What’s in Chick Starter?

The golden crumble your new baby chicks are devouring -- chick starter -- was carefully formulated for their unique needs. But what’s in it?

As you might expect, a large component of chick starter is grains. Poultry have a unique digestive system that well suited for taking advantage of the nutrients found in these grains. These ingredients are carefully selected in order to support a baby chick’s nutritional needs:

  • Energy to support daily needs and growth.
  • Protein (including critical amino acids like Lysine) to support muscle growth and development.
  • Fiber for optimum digestion.
  • Vitamins and minerals to support rapid skeletal system growth and other essential functions.

Let’s take a closer look at some of the most common grains found in poultry feed.

  • Soybean meal. Consisting of dried and crushed beans from the soybean plant, soybean meal offers the highest concentration of protein of plant proteins, often 44-48%.
  • Canola meal. Consisting of dried and crushed seeds from the canola plant (noted for its beautiful yellow blooms), canola meal is also very dense in protein. It is often used in conjunction with soybean meal, or as a replacement, when soy is not desired in a formulation.
  • Corn. A go-to source for energy, cracked corn is often viewed as a pastoral, traditional form of poultry feed. However, as nutrition research has advanced, we now understand that a diet made entirely of corn is lacking in protein as well as essential vitamins and minerals.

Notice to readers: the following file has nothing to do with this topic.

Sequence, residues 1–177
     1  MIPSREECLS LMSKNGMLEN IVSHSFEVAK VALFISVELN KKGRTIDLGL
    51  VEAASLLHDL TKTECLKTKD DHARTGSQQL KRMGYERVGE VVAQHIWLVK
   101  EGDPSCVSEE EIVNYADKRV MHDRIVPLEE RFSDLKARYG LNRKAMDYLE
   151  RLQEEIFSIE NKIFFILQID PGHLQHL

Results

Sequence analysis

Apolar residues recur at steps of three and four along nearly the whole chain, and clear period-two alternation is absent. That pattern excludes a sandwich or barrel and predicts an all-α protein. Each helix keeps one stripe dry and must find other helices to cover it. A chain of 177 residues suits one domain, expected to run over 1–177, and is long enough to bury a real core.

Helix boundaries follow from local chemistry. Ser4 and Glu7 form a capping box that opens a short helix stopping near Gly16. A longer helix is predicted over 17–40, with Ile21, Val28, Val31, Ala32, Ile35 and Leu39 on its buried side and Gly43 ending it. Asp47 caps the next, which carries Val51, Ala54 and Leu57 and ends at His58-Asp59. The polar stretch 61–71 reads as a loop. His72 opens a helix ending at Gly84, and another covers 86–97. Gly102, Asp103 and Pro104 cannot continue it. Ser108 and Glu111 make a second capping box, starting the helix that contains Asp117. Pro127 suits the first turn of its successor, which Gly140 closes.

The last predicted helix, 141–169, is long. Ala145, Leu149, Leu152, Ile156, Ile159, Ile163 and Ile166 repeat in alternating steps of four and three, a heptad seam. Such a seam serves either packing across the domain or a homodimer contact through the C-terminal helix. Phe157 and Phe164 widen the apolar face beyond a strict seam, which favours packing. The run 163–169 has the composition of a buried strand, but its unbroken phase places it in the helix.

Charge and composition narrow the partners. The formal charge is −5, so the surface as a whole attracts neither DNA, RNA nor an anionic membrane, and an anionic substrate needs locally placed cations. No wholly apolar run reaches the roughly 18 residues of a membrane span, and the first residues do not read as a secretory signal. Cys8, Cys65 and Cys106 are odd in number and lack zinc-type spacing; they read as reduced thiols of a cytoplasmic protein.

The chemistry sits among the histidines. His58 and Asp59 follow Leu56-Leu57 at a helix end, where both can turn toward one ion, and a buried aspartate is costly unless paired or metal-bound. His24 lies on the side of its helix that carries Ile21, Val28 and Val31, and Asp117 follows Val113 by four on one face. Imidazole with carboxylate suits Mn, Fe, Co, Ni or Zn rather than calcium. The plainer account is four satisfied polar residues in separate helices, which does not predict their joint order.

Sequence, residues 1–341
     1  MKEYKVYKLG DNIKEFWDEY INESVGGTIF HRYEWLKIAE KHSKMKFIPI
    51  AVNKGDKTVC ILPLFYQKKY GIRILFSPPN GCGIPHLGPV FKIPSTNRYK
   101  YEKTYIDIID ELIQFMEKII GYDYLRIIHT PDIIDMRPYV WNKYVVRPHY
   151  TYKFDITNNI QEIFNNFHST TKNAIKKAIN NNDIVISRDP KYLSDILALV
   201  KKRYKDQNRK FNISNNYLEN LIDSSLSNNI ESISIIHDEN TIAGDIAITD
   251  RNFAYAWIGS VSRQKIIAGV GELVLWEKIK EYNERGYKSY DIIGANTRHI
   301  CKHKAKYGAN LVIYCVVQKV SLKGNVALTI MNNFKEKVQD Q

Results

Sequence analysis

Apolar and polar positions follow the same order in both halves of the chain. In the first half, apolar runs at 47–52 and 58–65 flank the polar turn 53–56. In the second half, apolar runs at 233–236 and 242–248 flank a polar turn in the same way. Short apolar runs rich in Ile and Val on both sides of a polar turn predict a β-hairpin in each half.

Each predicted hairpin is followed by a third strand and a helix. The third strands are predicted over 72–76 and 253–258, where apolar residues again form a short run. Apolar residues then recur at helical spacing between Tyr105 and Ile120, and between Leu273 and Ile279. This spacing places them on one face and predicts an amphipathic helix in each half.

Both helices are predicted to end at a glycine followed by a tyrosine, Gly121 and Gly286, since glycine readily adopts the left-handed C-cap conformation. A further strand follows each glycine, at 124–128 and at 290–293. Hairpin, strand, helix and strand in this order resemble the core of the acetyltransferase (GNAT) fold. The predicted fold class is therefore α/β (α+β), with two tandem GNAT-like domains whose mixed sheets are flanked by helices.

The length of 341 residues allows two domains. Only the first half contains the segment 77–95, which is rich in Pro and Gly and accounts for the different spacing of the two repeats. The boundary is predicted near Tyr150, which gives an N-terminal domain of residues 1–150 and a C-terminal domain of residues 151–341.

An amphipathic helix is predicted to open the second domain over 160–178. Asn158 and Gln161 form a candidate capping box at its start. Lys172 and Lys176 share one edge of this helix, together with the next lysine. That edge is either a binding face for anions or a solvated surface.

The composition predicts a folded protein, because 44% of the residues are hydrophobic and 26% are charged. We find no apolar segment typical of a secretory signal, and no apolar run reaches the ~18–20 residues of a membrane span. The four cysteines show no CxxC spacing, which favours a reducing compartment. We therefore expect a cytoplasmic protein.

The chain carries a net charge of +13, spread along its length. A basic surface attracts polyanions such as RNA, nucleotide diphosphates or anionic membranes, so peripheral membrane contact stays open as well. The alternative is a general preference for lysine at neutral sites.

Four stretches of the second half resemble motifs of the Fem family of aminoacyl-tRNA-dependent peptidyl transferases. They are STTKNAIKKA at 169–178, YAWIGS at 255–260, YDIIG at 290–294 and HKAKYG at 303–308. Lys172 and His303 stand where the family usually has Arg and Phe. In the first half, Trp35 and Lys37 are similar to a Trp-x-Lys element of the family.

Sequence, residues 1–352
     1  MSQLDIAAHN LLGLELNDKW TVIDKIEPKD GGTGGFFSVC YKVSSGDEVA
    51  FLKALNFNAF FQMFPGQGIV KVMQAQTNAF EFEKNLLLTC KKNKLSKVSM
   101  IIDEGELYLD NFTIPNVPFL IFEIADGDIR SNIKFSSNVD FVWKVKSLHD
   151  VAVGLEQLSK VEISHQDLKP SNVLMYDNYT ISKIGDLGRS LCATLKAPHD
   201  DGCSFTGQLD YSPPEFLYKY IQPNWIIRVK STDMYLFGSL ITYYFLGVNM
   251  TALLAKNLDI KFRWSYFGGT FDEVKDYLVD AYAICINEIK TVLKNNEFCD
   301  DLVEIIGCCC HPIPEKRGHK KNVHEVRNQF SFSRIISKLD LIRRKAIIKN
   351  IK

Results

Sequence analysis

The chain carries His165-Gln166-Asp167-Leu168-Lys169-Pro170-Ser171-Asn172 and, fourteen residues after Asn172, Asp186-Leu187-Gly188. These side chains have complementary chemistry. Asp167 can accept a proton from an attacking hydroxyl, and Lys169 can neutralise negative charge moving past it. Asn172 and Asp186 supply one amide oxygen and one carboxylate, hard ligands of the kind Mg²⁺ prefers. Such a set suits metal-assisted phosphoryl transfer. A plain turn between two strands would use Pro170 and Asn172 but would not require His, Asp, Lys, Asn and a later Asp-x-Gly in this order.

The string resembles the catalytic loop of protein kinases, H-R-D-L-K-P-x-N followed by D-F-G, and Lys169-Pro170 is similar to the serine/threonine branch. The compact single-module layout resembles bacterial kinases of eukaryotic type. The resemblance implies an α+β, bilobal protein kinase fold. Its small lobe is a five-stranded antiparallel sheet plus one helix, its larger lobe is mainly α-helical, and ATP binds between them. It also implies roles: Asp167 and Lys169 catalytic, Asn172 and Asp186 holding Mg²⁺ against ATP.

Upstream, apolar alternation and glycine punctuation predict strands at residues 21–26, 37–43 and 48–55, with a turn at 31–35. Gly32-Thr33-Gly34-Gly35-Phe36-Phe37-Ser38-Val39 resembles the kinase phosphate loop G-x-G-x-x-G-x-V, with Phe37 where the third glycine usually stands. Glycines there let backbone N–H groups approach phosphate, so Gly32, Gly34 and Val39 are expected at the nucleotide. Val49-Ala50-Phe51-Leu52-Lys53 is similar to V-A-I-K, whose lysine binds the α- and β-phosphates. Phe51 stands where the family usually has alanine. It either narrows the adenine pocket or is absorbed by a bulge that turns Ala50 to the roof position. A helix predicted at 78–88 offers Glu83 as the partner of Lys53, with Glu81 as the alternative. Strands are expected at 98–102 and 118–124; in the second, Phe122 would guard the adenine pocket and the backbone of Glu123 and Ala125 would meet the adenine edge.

• Wheat midds. Never heard of them? We’re not surprised. Wheat midds are a by-product of the wheat milling process. By-products can sometimes be viewed as a filler or leftover, but in the case of poultry feeds, wheat midds make a great addition because they are a good source of energy, protein, and fiber. They also help create a nice pellet that holds together and reduces dust.

Besides grains, premium poultry feeds often contain value-added ingredients. Nutrena NatureWise poultry feeds, for example, contain the following:

  • Pre and probiotics. These feed additives benefit both microbes in the chicken’s gut and add beneficial bacteria to the existing population in the chicken’s digestive tract.
  • Vitamins and minerals. Just like humans, chickens need supplemental vitamins and minerals to help them stay healthy and perform regular body functions like seeing, growing, and eventually laying eggs.

When you're ready to get your baby chicks started with a quality feed, let our knowledgeable associates point you in the right direction. We're standing by to help!


NOTE: This post is adapted (with permission) from content proudly brought to you by our partners at Nutrena and Cargill Animal Nutrition. The original article appears here.

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